2020 will go down in history for many dubious distinctions, including retail bankruptcies. There were more than three dozen bankruptcy filings from national and regional chains as stores closed due to Covid-19, which decimated sales for unnecessary brick and mortar stores.

The number of customer facing companies that have been restructured in court is even greater when you include fitness centers like 24-hour fitness and restaurant chains like Chuck E. Cheese, both of which have been cleared for bankruptcy.

Overall, retail filings resulted in a record default rate of nearly 20%, meaning a fifth of all retailer-held high-yield loans totaling $ 10.6 billion had defaulted in the past 12 months, according to rating agency Fitch.

According to Eric Rosenthal, senior director of leveraged finance at the firm, the value of $ 10.6 billion is almost double the previous high of $ 5.7 billion in 2017.

Cases include some of the largest retail bankruptcies in recent years, including those of luxury supplier Neiman Marcus and department store banner JCPenney.

“Most of the defaults that we expected to see over the next several years, with or without a pandemic, have occurred,” said David Silverman, retail analyst at Fitch, noting that there were no surprises.

Not all retailers filing for bankruptcy protection did so because of short-term debt maturities.

Tailored Brands, the parent company of Men’s Wearhouse, is an example of a retailer who used Chapter 11 “strategically”.

“We believe that some retailers took advantage of the 2020 bankruptcy process to both clean up their capital structures and improve their store portfolios by closing stores faster than their rental terms would otherwise allow,” said Silverman.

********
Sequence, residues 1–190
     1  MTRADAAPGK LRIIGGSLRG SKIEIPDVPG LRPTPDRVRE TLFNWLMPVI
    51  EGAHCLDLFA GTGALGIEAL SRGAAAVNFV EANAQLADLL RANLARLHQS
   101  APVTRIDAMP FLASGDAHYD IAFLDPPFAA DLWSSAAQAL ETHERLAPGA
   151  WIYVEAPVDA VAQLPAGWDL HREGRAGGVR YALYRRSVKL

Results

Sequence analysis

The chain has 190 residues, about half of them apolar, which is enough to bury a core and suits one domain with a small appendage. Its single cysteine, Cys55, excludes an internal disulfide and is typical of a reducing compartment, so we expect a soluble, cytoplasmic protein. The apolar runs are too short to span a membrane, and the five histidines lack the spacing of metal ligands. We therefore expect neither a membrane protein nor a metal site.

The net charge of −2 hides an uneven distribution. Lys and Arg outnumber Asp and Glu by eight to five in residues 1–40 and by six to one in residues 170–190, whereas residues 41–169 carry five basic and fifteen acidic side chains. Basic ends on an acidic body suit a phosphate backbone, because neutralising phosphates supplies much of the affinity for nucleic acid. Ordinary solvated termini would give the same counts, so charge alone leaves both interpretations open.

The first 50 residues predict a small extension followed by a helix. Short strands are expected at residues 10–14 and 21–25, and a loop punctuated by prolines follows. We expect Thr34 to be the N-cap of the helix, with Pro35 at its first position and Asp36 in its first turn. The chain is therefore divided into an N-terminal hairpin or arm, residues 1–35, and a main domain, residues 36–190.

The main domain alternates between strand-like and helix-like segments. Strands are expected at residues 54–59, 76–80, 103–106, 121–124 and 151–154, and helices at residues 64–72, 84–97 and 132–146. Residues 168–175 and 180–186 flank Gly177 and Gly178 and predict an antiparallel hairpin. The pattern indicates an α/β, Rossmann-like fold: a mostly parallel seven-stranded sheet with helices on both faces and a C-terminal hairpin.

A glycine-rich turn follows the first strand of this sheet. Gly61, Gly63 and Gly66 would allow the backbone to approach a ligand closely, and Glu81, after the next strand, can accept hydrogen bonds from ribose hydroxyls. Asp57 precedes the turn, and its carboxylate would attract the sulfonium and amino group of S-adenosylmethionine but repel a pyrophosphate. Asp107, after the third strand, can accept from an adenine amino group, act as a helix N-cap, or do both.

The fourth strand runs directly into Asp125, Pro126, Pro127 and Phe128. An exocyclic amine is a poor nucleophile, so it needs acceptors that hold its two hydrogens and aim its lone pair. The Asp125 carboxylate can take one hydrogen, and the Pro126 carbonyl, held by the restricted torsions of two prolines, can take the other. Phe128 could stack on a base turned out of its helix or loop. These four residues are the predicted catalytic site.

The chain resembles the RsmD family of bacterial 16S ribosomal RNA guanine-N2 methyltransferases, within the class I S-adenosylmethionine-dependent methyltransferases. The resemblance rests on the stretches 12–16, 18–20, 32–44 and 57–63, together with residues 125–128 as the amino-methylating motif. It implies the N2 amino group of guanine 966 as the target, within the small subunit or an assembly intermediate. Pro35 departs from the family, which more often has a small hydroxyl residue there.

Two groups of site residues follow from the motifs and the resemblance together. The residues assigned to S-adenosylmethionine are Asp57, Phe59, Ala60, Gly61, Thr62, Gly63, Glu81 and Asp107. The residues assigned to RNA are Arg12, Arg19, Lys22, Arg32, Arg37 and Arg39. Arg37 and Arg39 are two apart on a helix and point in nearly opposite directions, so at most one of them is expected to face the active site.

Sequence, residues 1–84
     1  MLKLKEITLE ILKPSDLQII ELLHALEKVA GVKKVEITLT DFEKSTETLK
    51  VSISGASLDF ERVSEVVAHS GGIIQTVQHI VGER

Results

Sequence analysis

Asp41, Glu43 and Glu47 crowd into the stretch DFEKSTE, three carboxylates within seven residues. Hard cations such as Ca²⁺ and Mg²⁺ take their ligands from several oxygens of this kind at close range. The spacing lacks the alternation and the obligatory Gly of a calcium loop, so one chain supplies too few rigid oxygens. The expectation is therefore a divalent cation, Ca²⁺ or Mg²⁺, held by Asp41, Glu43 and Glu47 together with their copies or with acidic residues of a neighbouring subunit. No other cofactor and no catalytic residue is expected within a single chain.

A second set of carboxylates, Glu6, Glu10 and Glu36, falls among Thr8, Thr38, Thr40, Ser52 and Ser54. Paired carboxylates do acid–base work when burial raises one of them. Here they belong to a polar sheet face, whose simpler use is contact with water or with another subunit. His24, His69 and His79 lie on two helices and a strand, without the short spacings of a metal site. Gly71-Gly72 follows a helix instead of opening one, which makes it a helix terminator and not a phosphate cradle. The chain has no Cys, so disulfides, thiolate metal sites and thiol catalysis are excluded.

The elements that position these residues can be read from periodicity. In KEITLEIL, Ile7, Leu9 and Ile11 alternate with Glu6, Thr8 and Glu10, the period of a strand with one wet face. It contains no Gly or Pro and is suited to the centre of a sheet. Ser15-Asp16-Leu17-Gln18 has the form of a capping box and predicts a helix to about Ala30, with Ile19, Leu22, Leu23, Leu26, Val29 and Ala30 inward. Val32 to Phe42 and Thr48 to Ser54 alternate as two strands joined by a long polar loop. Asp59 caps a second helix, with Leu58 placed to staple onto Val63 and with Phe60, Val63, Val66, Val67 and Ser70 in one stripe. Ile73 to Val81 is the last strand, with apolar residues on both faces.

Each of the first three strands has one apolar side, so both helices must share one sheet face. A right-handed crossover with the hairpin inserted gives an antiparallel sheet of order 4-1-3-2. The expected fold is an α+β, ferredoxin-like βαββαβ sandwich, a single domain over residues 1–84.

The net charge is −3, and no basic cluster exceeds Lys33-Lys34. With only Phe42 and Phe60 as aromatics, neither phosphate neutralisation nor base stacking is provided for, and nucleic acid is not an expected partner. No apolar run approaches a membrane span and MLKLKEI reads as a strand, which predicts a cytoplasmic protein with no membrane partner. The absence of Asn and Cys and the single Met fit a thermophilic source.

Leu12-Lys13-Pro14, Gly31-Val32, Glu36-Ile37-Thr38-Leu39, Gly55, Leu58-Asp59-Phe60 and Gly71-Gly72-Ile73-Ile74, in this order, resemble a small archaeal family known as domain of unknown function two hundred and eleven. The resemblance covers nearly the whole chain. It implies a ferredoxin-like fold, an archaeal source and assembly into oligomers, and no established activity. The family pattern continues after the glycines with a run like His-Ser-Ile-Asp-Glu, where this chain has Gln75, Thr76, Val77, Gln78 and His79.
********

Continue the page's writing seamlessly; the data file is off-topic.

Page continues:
The good news for non-essential retailers who struggled in 2020 is that 2021 looks relatively more promising with vaccine distribution.

In addition, some level of herd immunity could be achieved by early fall, said Dr. Anthony Fauci during a Facebook interview with California Governor Gavin Newsom on Wednesday. This would bring a return to normal and likely spur apparel, accessories, and beauty sales, as well as dining, travel, and entertainment sales in the second half of the year, Silverman said.

According to the outlook for 2021, rating agency Moody’s will say department stores, off-price and specialty stores are likely to see the largest surge in operating profit in 2021, although it will take several years for clothing to return to pre-pandemic levels.

Rating agency S & P’s expectations go in the same direction, assuming that consumers will return their dollars to experience in the second half of the year, after continuing their current spending patterns in the first six months of 2021.

Immediately, retail will get a small boost from a $ 900 billion stimulus package signed on Sunday evening.

On the other hand, and perhaps ironically, the New Year could prove to be more challenging for major retailers (of which Target and Home Depot are examples), who, according to Silverman, did well during the pandemic. This is because their sales are likely to be below the heady 2020 levels as consumers redistribute dollars for travel, food and entertainment in the second half of the year under a new normal, he said.

“We actually believe that 2021 could generally be a more challenging year for retailers,” said Silverman.

In particular, Moody’s indicated that groceries are expected to see a decline in operating profit in 2021.

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